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Everything will be Ukraine: In Conversation with Raihan Islam and Mariana Linichenko

Credit: Max Kukurudziak, courtesy of Unsplash License

Roar writer Samuel Teale Chadwick interviews the founders of the effective philanthropy platform,, to hear their story and learn how everyone can contribute towards alleviating the humanitarian crisis at the other end of Europe.

Credit: Max Kukurudziak, courtesy of Unsplash License

[Trigger warning: war]

Now in its fifth month, the war in Ukraine is far from over. Innocent civilians are still being killed. In addition to the casualties, the invasion has destroyed livelihoods, and forced millions to abandon their homes, or leave the country altogether. It is not distant, either, with many seeking a life afresh in the UK.

Guest speakers at a KCL Pro Bono Society event on Friday June 10 were two of them; an inspiring couple: Mariana Linichenko and Raihan Islam (Raihan sporting a traditional Ukrainian garment, a vyshyvanka, gifted to him by his Kyiv colleagues on his birthday).

Raihan completed his first degree at Carnegie Mellon University before completing his LLB at King’s College London, where he also served as a student advisor in the legal clinic of the Pro Bono Society. Shortly after qualifying with a training contract, and seeking a fresh start, he visited Ukraine for six weeks in 2015 (the year after Russia had invaded Crimea and Eastern Ukraine). In 2016 he started working in the Kyiv office of his current employer, an American software development and cybersecurity company.

Mariana was born and grew up in the Kherson region of Ukraine. She completed her master’s degree in animal bioscience in 2003 and obtained a diploma in accounting in 2004. She worked at a prominent Ukrainian beer distribution company for more than twelve years, including ten years in the accounts receivable department. More recently, she trained to become a software tester in 2015, and worked as a software quality assurance engineer at a small business specialising in small website projects, including both software testing and Google Analytics reporting.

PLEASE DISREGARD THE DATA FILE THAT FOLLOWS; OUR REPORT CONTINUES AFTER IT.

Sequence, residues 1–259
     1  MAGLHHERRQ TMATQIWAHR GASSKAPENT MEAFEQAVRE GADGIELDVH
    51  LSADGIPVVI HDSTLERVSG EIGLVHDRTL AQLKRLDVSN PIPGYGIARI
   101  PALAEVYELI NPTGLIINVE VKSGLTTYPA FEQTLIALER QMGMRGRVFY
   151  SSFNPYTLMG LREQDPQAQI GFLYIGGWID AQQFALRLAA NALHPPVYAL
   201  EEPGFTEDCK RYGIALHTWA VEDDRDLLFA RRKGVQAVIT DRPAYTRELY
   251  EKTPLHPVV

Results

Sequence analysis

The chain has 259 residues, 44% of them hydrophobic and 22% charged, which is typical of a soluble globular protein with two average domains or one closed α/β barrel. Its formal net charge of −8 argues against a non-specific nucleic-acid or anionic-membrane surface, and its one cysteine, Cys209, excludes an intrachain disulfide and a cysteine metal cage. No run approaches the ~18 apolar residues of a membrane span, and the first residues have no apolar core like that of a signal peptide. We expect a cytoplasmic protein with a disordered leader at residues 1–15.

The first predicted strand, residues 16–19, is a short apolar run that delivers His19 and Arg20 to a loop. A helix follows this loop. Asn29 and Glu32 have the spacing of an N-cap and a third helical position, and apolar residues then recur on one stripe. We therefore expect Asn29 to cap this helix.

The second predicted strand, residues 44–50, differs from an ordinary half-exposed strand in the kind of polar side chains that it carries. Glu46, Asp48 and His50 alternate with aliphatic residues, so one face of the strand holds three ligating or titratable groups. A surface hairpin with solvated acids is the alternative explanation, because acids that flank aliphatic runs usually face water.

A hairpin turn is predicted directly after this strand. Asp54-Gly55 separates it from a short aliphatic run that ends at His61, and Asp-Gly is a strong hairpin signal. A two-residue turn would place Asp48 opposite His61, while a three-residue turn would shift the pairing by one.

After their speeches, Raihan showed me footage from the balcony of their apartment building in Kyiv. Missiles fell not far from where they used to walk their young son, Roman, in the park.

Friends helped the family to the airport in January, and shortly before the full scale invasion, they flew from Kyiv to Istanbul. They arrived in the UK shortly after. They set up ‘??? ???? ???????’, a platform for effective altruism which supports efforts to “resist and to persist… because it can be difficult to understand who to donate to, and why”. Its chief purpose is “to inspire potential donors to take the leap to give with more confidence, quickly”.

As Raihan said: “to defend Ukraine isn’t just defending a sovereign nation, it is also to defend democracy itself”. As Mariana reinforced, a global community of forced Ukrainian refugees living abroad can return and help rebuild Ukraine to be better than before. It was inspiring to interview them both and learn their first-hand accounts and insights. Below is a transcription of our interview.

Sam: May I start with how things are now. As you said in your speech Mariana, it was difficult to keep in touch with family in the first days of the invasion. How are they keeping?

Mariana: Yes, that’s right. I had lots of family around Ukraine. For example, my sister in Kyiv lost her job. And then after a couple of months the same company offered her work but it’s not what she wanted, but she agreed because she needed some money. 

(The worst situation is in the south and east of the country. Her extended family and university friends are in the city of Kherson.)

M: My friends don’t work; I try to send them money but the bank doesn’t give cash. They cannot pay by Ukrainian card. There’s no food [in rural areas especially]. People who live in the villages have food but they can’t bring it to the cities, because Russian soldiers won’t let them.

Russian soldiers are occupying whatever homes they like in the village where I grew up and where my mother’s home was. They just say you have thirty minutes to leave this home. There have been many explosions in that area, with nearby villages destroyed.”

(Mariana’s mother left her village and started living in Kyiv for better healthcare after a stroke two years ago.)

M: “My cousin asked me some months ago if some people could live in my mother’s home, but now there are soldiers. I don’t know if it will continue to exist or not. I will not tell my mother that: she would find it too distressing. She said: ‘how is it possible that Russia can strike? We [Ukraine] and Russia are like siblings’. But I told her already: look at what happened in Crimea, Donetsk, Luhansk, all already damaged. She didn’t believe me; I told her but I didn’t show her a picture. She always told me, I want to go home, I miss my home, I want to see children. This puts pressure on me. I then showed her a picture of what was happening and she started to understand. I tried to tell her some information but not all.

For 95 days, my brother was living underground in his workplace storage basement. He worked in that place, and he didn’t leave because it was too dangerous. He took some leave two days after his birthday. He needed to work to organise and help, as volunteers bought food there for people who could not go to the shops. And he wanted to work to keep job security.